Ron Crystal: In the spring of 1989,, I became aware of the possible use of group C serotype II and V adenoviruses as possible gene transfer vectors. In April of 1989 we started working with the adenovirus that was deleted in the E-I region, that is the region that controls the ability of the adenovirus to replicate. By taking that out and putting in its place the Alpha I Anti-trypsin CDNA with appropriate promoter we began looking at the ability of using this for in vivo gene therapy, that is where we directly administered an adenovirus expressing of I a-trypsin to the experimental animal. This led to a paper in 1991 in Science that described that strategy where we directly infected lung epithelial cells in vivo with an adenovirus coating for Alpha I anti-trypsin. The concept was that the epithelial cells lining the lung would produce the Alpha I anti-trypsin and then secrete it into the lung. In fact it does and it works. Again the problem was you don't quite get enough and so we had to make a decision as to whether we pursue that in terms of moving it towards humans or do we go in a different direction.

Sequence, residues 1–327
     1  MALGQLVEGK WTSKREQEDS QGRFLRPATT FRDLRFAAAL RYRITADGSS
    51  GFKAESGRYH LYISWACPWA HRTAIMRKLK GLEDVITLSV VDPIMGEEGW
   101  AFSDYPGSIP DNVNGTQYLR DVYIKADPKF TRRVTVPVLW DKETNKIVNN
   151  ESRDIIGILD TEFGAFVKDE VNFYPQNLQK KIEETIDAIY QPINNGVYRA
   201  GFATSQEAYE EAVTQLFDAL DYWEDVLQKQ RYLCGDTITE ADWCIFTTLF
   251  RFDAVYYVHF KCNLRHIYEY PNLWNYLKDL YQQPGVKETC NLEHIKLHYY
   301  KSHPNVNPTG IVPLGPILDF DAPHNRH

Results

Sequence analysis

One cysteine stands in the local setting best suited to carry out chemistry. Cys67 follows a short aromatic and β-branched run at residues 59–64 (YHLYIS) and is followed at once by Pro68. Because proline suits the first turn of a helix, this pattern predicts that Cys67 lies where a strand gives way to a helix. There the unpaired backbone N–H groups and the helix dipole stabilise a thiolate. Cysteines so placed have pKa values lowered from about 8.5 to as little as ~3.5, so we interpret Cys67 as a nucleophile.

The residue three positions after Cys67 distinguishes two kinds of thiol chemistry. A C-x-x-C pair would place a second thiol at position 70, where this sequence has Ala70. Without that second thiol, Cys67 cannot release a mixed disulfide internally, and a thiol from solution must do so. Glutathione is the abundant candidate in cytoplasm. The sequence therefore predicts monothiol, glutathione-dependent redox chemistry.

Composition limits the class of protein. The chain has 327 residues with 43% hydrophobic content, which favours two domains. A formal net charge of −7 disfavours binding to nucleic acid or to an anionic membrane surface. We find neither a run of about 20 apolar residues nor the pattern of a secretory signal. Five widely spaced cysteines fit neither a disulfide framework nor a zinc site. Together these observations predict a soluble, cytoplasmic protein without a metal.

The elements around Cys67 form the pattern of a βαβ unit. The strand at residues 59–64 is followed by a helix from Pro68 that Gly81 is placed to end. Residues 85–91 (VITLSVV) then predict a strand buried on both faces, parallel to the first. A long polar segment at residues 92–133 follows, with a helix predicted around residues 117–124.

It was at this point that you turned to cystic fibrosis?